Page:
With the help of Virginia Foxx, R-N.C., for-profit colleges are massively ripping off U.S. taxpayers
Earlier this year, the U.S. House of Representatives voted to pass a bill with the impressive, everybody-can-get-behind-this title “Protecting Academic Freedom in Higher Education Act.” Sponsored by the ultra-conservative North Carolina Republican Virginia Foxx, the bill ostensibly took aim at an issue close to small-government-loving hearts: intrusive federal regulation of for-profit colleges — fast growing, highly profitable outfits like DeVry University or the online-only University of Phoenix.
The for-profit educational sector is an industry almost entirely subsidized by the federal government. Around 70-80 percent of for-profit revenues are generated by federal student loans. At the same time, judging by sky-high dropout rates, the for-profit schools do a terrible job of educating students. The Obama administration’s efforts to define a credit hour and require state accreditation were motivated by a very understandable desire: to ensure that taxpayers are getting their money’s worth when federal cash pays for a student’s education. In contrast, Foxx’s legislation is designed to remove that taxpayer protection. So here’s a more accurate title for her bill: “The Protecting the Freedom of For-Profit Schools to Suck off the Government Teat Without Any Accountability Whatsoever Act.”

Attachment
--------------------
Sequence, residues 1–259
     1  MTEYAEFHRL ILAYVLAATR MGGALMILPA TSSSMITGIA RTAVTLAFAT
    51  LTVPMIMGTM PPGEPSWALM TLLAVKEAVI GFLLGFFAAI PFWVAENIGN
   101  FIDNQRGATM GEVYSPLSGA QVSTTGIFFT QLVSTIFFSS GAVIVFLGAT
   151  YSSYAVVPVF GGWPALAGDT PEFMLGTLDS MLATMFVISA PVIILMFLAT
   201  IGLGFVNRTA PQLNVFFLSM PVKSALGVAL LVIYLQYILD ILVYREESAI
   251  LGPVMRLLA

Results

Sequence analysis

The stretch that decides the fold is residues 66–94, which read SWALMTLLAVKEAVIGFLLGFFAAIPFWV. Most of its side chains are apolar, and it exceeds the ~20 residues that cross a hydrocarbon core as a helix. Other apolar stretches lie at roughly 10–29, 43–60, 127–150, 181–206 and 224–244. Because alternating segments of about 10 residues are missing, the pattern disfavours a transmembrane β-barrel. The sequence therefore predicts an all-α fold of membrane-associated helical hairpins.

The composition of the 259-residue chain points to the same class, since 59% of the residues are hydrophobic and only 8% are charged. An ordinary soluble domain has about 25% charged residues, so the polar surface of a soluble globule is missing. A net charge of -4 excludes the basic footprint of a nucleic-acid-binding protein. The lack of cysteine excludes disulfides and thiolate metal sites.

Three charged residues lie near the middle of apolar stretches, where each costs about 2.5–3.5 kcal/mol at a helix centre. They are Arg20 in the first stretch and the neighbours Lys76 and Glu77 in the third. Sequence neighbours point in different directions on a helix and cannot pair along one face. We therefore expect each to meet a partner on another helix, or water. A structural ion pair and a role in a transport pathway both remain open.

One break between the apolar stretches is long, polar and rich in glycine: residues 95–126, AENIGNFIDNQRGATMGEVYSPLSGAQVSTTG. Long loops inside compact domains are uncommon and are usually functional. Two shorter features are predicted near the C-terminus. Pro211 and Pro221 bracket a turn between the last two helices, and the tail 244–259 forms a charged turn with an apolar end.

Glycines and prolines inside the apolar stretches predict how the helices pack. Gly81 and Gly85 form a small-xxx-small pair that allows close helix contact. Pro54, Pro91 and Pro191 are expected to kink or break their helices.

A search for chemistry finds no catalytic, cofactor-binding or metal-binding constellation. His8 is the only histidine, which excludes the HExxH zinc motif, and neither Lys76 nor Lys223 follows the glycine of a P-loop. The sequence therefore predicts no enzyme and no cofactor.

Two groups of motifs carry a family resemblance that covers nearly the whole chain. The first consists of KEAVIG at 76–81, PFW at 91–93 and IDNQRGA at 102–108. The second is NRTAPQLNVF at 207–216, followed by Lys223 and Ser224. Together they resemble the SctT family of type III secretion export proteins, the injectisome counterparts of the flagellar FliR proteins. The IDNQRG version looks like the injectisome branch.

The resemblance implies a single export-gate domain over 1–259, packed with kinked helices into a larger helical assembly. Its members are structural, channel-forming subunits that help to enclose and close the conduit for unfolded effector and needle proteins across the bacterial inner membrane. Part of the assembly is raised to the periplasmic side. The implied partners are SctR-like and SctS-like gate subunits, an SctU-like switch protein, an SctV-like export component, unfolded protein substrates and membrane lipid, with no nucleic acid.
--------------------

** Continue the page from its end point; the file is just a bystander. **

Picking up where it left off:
One would imagine that Republicans, who theoretically oppose government involvement in the private sector, and are always looking for ways to cut government spending, would approve of efforts to seek greater accountability for taxpayer funds. But as it turns out, Foxx herself is benefiting from the waste and abuse of federal tax dollars. Among the top 20 financial contributors to Foxx in the 2011-2012 cycle are the Association of Private Sector Colleges/Universities, the Apollo Group (owner of the University of Phoenix), and Corinthian Colleges. Since federal student loans comprise the vast majority of the revenues of those for-profit schools, it follows that their campaign contributions to Foxx are also made possible by U.S. taxpayers.